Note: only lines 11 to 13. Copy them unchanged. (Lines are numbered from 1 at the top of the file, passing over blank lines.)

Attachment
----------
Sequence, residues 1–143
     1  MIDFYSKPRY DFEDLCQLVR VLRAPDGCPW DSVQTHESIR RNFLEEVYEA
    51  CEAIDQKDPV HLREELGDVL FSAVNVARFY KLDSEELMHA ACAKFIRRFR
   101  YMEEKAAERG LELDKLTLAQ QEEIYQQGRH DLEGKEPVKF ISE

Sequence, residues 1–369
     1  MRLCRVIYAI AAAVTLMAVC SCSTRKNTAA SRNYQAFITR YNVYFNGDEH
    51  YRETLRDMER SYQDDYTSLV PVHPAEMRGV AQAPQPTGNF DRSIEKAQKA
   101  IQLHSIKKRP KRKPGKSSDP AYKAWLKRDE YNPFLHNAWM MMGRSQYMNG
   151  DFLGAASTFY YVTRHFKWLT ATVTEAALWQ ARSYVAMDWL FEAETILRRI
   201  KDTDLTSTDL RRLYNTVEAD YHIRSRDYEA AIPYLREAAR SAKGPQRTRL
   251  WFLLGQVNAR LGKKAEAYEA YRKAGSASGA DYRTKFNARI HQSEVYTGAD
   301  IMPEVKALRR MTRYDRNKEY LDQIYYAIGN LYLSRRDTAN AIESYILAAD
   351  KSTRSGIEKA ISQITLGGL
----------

   251  WFLLGQVNAR LGKKAEAYEA YRKAGSASGA DYRTKFNARI HQSEVYTGAD
   301  IMPEVKALRR MTRYDRNKEY LDQIYYAIGN LYLSRRDTAN AIESYILAAD
   351  KSTRSGIEKA ISQITLGGL